Day, night, rain, snow, doesn’t matter, give me a new location and I’m off and running. I use the hobby to explore new cities and locations. I’ve run in the majestic shadow of the Swiss mountains, along Lake Geneva. I’ve run down the busy streets of Beijing. I’ve run across all but one major bridge in New York and along the East River. I’ve run in dangerous neighborhoods and rich neighborhoods, foreign lands and across the U.S. I’ve even gotten lost in our nation’s capitol and was forced to ask White House guards to help me find my hotel. The problem was, I couldn’t remember the name of the hotel. But, that’s another story. In races from the East Coast to the Midwest, I’ve run up to 2200 miles in one year, sometimes 100 miles a week. When it’s time to run, I gotta go run, no matter what.
As you can see, running is an important part of my life. But, sometimes, my hobby can be embarrassing.
Years ago, being part of a small group of technical writers, I was enjoying my first trip to Paris. We were there to visit some major French broadcast sites to study the technology. While there, we stayed at a classy hotel near the Eiffel Tower and the Champs de Mars park. Naturally, my desire to go running in this French capital was intense, and I couldn’t wait to get started.
As I began unpacking my belongings, something began gnawing in my head. What was it? Something wasn’t right. Never mind, let’s just get running! Paris in the summer, the Eiffel Tower, the parks and history. Wow, what could be better?
However, as I reached the end of my unpacking, I discovered I’d made a horrendous mistake. While I had packed my running shoes and requisite T-shirts, I had no running shorts. OMG. Now what? I couldn’t run in my business suit, I didn’t have any jeans. I’m in the heart of Paris, right next to a location I’ve always wanted to see and jog around and I don’t have any running shorts. Arrrggg!
While highly discouraged, I decided to check around the hotel neighborhood to see if there was a running store nearby. No such luck. If I’d wanted an expensive dress, suit or coat, plenty of those options, but no running store. I’d have even settled for a swimming suit, but no luck there either.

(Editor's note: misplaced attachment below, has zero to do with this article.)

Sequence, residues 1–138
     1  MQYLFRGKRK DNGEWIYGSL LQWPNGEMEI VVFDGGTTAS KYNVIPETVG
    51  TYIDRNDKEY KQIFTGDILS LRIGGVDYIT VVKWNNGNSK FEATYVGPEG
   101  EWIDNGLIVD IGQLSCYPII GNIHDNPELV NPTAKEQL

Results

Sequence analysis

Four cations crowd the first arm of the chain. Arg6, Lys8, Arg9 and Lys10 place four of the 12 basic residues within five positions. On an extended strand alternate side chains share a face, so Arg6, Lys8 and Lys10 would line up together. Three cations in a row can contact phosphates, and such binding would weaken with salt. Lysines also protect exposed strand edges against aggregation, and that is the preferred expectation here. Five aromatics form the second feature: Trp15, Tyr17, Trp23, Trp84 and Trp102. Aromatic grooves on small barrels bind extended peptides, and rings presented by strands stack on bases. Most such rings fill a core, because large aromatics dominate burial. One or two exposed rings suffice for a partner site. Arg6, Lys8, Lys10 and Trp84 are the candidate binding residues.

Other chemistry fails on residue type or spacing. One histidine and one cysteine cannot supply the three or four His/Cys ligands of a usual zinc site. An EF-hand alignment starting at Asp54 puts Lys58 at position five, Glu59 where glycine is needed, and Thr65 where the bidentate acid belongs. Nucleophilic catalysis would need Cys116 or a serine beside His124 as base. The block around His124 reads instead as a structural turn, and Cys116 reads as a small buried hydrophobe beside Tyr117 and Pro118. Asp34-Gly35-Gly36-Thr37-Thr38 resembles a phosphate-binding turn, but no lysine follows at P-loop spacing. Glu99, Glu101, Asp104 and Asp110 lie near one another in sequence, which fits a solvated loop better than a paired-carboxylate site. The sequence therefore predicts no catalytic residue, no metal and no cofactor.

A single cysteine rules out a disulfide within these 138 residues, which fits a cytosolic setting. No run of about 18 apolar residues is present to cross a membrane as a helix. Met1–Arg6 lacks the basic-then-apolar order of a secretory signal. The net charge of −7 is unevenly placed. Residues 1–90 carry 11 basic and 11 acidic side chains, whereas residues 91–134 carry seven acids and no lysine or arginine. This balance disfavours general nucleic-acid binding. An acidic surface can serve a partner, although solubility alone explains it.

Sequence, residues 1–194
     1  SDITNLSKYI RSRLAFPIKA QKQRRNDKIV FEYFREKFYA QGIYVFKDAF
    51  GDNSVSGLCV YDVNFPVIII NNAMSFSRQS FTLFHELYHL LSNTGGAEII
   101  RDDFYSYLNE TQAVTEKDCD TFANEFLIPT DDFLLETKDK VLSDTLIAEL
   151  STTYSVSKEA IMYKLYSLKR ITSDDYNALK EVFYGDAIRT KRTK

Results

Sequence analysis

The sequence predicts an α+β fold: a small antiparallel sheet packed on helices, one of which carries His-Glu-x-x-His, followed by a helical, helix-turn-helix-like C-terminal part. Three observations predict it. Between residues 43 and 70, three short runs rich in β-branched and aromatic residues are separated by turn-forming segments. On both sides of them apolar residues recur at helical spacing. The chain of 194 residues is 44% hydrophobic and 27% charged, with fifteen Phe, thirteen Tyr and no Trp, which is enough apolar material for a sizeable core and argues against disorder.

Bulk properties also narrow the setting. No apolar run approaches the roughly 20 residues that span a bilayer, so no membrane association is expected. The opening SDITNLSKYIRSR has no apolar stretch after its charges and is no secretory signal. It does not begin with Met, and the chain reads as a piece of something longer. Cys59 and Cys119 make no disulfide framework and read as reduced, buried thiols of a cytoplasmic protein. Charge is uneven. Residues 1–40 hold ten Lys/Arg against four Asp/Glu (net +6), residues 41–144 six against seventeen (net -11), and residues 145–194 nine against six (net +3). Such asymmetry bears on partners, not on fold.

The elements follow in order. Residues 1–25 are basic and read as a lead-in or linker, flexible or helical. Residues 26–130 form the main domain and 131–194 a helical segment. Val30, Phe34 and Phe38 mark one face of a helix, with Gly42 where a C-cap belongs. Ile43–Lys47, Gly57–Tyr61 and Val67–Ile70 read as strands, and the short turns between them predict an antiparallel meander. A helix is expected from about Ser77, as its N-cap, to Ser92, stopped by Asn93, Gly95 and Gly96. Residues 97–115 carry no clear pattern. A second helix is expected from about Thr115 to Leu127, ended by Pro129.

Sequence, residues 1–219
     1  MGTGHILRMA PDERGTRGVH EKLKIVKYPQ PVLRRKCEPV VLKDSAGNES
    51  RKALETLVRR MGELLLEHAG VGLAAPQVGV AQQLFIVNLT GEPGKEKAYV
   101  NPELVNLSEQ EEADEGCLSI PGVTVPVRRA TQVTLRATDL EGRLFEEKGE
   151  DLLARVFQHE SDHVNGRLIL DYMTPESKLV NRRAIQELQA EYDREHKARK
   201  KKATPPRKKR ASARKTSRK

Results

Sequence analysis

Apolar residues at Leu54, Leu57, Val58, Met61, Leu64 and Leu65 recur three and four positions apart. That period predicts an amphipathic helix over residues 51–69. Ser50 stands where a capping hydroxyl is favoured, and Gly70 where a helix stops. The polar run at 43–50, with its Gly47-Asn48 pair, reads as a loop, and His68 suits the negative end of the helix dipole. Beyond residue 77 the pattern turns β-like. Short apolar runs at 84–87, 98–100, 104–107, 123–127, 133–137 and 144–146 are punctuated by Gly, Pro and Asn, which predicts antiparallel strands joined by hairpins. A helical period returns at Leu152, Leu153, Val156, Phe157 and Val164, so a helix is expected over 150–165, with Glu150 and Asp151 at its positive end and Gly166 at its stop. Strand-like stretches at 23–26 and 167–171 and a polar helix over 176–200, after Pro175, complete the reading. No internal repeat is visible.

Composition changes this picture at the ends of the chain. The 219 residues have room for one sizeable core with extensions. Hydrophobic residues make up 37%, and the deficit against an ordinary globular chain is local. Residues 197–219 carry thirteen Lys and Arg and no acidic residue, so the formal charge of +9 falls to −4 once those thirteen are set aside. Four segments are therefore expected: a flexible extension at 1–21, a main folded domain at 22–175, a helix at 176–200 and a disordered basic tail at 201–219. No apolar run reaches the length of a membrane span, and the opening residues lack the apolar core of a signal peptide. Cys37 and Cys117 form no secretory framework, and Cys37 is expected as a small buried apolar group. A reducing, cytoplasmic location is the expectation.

I then walked over to the tourist area near the base of the Eiffel Tower with the hope that some vendor might be selling T-shirts and running shorts. That’s really not so far fetched. This is common in the U.S. You can buy running shorts in practically any San Francisco, New York or Washington, D.C., tourist trap. It’s easy and ubiquitous. Everyone sells this stuff in their kiosks.
Unfortunately, that’s not so in Paris. After a examining the wares of a dozen vendors selling everything from ice cream to balloons and trashy souvenirs, I became totally dejected. I reached the conclusion I’d not be able to jog around Paris unless it was in my Jockey underwear. Not wanting to also visit a Parisian jail, I decided that wasn’t a realistic option.
Hummm, could this be my solution to my dilemma? I considered the possibilities. Yes. This can work. I promptly bought a pair.
While they were really boxer underwear, they did sort of look like running shorts, albeit really short running shorts.
I decided that if I left the hotel early, well before sunrise, only the hotel staff would see me. And, once I got outside, it’d be dark, and then, who’d care?
The next morning, I got up well before the sun, donned my brand new Eiffel Tower boxers and headed downstairs.
Once outside my hotel room, I felt painfully exposed. I don’t know how catalog models show off underwear because I was covered with goose bumps. I was desperately afraid I’d meet someone in the elevator. Or even worse, that the person would be someone from my travel group.
Once the elevator door opened in the lobby, I scooted across the huge entryway, feeling as though every eye was watching me. If anyone was thinking, “Oh gawd, that nut is in his underwear,” no one said anything.
Once outside, all trepidation receded and I began a wonderful 45-minute run through Paris parks and around the Eiffel Tower. There were plenty of other runners out that early morning and I had no doubt they never gave me a second thought. We were all just enjoying our morning jog.
Upon returning to the hotel, my plan was to time my entrance so I could quickly cross the lobby and directly enter an awaiting elevator. Then, I could rush back to my room, all without being seen.
The best laid plans….
I watched from outside until an elevator opened. Then quickly I paced myself across the lobby floor, headed right for the open elevator door. Almost there, almost here.
Suddenly, the adjacent elevator door opened and out steps one of my fellow technical writers — and a woman too. OMG! How embarrassing!
“Hi Brad, been running”, she asked. “Uh, oh yah”, I sheepishly responded, “Are you, headed for breakfast?” I asked. All the while I’m looking for hole to crawl into. “Yes, I am, see you there,” she responded. And off she trotted.
Quickly, I ducked into the welcomed privacy of the elevator.
All I could think about was her telling the entire crew how she’d seen Brad Dick standing in the hotel lobby wearing nothing but his undies. Oh jeeze, I’m going to be the laughing stock for the rest of the trip.
Later, when I joined my fellow writers at breakfast, no one seemed to know anything about my early morning escapade. No one said anything. No jokes. Nothing.
I later came to the conclusion that either, out of courtesy or maybe she never looked below my waist, the lady never told anyone that she found Brad Dick standing in the hotel lobby in his undershorts.
So, if you’ve got a habit that sometimes caused you to go to extremes, don’t panic. At least you haven't found yourself standing in the lobby of a Paris hotel in your Eiffel Tower underwear.